(Bloomberg) -- Thailand could surprise investors yet again when lawmakers meet soon to pick a prime minister after a disputed election in March.
The most likely scenario remains the return of junta leader Prayuth Chan-Ocha as prime minister. His pro-military party, Palang Pracharath, has assembled a 134-seat alliance in the 500-member lower house, which would give him enough for a simple majority if the 250 military-appointed senators also back him in a combined vote that could take place by the end of the month.
That outcome has reassured some investors: The Thai stock market is up 4% so far this year and the baht is one of the world’s best performing currencies. Beneath the surface, however, is an anti-junta coalition that only just missed a majority, and whose ongoing effort to boot Prayuth from power could yet complicate the picture.
"The baht has been pricing in the positive of the election outcome having more clarity despite the negative external environment triggered by the U.S.-China trade war," said Tsutomu Soma, general manager of the investment trust and fixed-income department at SBI Securities Co. in Tokyo. "If there are more political jitters, the baht may reverse the gains."
Without a majority in the lower house, the pro-military coalition is likely to be unwieldy. Still the alternative scenarios below may lead to even greater uncertainty and gridlock, upsetting current investor calculations.
1. Anti-Junta Gambit
The anti-junta coalition is led by Pheu Thai, a party linked to exiled former premier Thaksin Shinawatra. It has 245 lower-house seats and argues it was robbed of a majority by an unconstitutional interpretation of electoral rules. Prayuth unseated a Pheu Thai-led government in the 2014 coup.
One of Pheu Thai’s leaders has said the bloc is willing to give key ministerial positions or even the premiership to Bhum Jai Thai party chief Anutin Charnvirakul if he joins the alliance. While Bhum Jai Thai’s seats would give the coalition almost 300 members of parliament -- enough for a stable government -- the military establishment has repeatedly ousted governments led by Thaksin’s allies.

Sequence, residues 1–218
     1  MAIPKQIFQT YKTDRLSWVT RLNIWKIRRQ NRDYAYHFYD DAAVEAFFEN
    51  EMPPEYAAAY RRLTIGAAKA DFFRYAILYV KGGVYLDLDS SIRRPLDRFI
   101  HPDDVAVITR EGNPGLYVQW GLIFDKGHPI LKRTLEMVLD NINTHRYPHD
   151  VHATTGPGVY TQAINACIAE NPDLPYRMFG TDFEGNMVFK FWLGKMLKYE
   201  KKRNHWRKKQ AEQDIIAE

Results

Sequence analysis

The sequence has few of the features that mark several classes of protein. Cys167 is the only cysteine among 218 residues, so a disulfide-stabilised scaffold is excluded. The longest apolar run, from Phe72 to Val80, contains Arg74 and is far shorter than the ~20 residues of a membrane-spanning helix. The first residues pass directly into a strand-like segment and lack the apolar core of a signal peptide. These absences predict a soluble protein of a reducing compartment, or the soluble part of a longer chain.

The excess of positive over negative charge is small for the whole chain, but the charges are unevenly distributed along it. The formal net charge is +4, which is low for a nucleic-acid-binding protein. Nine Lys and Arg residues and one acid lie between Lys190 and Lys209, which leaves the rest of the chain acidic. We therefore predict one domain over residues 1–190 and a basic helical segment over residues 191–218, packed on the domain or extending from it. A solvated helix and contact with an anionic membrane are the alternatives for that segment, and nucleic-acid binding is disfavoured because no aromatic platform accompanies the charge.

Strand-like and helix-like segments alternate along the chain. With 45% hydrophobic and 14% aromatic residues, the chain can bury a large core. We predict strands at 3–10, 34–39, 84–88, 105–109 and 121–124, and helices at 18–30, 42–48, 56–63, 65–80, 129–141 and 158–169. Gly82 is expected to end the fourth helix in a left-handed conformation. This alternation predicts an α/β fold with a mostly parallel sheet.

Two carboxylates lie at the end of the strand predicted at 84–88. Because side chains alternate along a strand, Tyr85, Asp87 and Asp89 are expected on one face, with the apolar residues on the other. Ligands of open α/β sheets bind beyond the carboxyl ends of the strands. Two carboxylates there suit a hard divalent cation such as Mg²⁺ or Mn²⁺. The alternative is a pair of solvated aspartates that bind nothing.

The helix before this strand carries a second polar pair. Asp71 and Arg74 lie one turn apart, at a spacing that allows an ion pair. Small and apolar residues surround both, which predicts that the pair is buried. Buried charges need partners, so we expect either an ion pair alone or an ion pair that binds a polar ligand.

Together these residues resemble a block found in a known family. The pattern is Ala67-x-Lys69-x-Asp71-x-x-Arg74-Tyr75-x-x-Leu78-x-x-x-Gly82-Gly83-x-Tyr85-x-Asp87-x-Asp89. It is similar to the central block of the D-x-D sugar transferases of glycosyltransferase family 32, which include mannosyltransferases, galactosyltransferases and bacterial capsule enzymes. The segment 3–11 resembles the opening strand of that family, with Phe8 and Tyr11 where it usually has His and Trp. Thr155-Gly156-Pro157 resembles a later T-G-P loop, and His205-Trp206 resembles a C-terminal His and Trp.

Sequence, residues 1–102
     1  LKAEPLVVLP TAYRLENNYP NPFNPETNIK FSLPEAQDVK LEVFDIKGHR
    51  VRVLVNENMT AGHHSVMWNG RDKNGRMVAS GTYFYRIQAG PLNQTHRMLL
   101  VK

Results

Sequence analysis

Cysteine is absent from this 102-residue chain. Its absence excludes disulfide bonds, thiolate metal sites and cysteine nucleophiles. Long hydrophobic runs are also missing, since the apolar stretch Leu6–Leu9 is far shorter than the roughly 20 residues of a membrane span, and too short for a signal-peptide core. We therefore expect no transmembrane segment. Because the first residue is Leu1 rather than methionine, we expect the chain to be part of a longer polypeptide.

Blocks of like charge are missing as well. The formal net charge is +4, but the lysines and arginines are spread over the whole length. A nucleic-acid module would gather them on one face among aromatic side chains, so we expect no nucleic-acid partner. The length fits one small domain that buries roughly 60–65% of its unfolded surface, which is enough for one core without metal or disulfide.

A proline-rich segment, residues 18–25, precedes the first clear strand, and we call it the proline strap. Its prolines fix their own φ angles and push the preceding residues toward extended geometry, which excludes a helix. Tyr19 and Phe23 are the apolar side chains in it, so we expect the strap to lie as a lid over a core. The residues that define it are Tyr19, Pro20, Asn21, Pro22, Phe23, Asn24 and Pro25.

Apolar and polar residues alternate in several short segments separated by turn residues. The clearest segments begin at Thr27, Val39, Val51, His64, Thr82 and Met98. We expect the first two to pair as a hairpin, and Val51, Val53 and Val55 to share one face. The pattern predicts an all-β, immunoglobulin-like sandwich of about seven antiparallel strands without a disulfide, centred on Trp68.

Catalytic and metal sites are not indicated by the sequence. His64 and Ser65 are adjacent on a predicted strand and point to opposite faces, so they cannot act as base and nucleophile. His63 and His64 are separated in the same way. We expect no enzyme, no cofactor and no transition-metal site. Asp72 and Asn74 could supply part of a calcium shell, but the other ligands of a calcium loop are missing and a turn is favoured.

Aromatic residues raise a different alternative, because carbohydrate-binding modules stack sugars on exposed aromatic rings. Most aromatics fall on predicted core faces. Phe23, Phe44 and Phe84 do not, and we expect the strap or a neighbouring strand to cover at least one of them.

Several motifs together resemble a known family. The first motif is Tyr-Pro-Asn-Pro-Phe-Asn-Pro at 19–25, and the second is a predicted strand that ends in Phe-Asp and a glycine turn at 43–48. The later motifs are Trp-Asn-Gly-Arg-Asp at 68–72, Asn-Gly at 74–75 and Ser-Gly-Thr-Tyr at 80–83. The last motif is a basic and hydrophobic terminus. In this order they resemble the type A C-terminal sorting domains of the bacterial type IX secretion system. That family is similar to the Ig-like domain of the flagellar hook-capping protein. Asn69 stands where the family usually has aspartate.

2. Third Front
Bhum Jai Thai and Democrat are key, mid-sized swing parties, each with about 50 seats. They have yet to say which coalition they will join. One possibility is they form a third-front with other smaller parties that aligns neither with the junta’s proxies nor the alliance opposed to the military establishment.
Such a mix is another recipe for gridlock as three camps -- pro-military, anti-junta and non-aligned -- duel for influence and power.
3. The Outsider
A person who isn’t an official prime minister candidate for a party can still become the leader under the military-backed constitution, the country’s 20th. Parliament would have to vote to allow this option in a joint sitting.
The possibility of the so-called "outsider" would come into play if Prayuth fails to sweep the Senate and no other named prime minister candidate is able to muster the needed support.
One person floated in local media as a potential consensus outsider candidate is Ampon Kittiampon, a privy councilor to King Maha Vajiralongkorn and a member of the Crown Property Bureau board. Ampon couldn’t immediately be reached for comment.
"We could see an outsider premier candidate if parliament couldn’t agree on any of the choices," Punchada Sirivunnabood, a visiting fellow at Singapore’s ISEAS-Yusof Ishak Institute and an expert on Thai politics. "There’s usually some truth in Thai political rumors, so it’s likely that Ampon would be one of the candidates."
--With assistance from Yumi Teso.
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